The sutra’s talk a lot about breathing, but there is that one that mentions the poison’s of our mind, the “halahala” of our life. Sutra 30, Chapter 1. Vyadhi styana samsaya pramada alasya aviriti bhrantidarsana alabdhabhumikatva anavasthitatvani citta viksepah te antarayah – the obstacles that distract the mind are illness, dullness, doubt, carelessness, laziness, overindulgence, illusion’s about oneself, lack of perseverance, and instability. Breathing with awareness has the ability to impact all of these afflictions. Breathing with awareness exposes things that might be subtle and constantly ignored by lack of awareness. As sutra 12, Chapter 2 says, “Klesa mulah karma asayah drsta-adrsta janma vedaniyah” – Acts stemming from mental disturbance leave imprints that always show themselves in some form or other, visible or invisible. That should probably say conscious or unconscious. Yoga takes us to what is unconscious, to the things that are buried deeply and very subtle. So what we are looking for in our breath are the things that cause the breath to shift in any way, shape, or form. So in a way, you do need to put breathing on your to do list. Or at least put breathing practice on your list each day, to reflect on the things that might be disturbing your prana. If you make time for this it will give time back to you by giving you more energy, health and stability.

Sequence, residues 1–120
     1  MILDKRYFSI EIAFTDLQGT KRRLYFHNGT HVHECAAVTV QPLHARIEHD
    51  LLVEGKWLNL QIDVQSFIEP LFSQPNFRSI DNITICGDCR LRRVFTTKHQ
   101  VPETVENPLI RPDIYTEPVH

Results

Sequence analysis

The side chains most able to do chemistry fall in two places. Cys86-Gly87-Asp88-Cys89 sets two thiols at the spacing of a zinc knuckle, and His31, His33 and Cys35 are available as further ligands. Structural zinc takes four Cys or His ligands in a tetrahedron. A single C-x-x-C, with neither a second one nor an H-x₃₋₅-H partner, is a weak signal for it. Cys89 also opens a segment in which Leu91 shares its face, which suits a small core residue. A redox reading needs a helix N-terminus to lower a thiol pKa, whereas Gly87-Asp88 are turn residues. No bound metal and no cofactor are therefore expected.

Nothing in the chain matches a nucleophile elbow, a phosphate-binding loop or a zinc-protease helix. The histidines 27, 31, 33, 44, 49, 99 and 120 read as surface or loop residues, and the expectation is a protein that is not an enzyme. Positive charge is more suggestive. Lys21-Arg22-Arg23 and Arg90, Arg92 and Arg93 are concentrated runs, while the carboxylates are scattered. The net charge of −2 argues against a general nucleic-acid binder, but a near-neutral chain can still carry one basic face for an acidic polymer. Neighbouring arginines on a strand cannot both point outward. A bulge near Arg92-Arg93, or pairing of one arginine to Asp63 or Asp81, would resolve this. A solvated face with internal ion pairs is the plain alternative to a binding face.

Yoga is the best way to do a breathing practice. To push your body in and out of postures a few times a week and to watch closely the fluctuations that come up, like the bubbles that come to the surface from the breathing tank of a scuba diver. Our mind ripples easily. Luckily yoga calms the fluctuations of the mind through pranayama and meditation/observation. A scuba diver must wear a heavy tank of air to breath underwater. But this is not how we should feel when walking around in our body. Let’s not get to a place where breathing feels difficult and tiring. Let’s let our breath be liberating. Let’s make breathing our lifeline to the here and now. When ever you are feeling overwhelmed, let you breath draw you inward to the present. Let’s not add anymore then what we already have on that to-do list. Be grateful breathing happens without your thought, but that when you do bring it to your attention you are forever reminded to live a life that is taking your breath away. Away to the now, which is where life IS happening.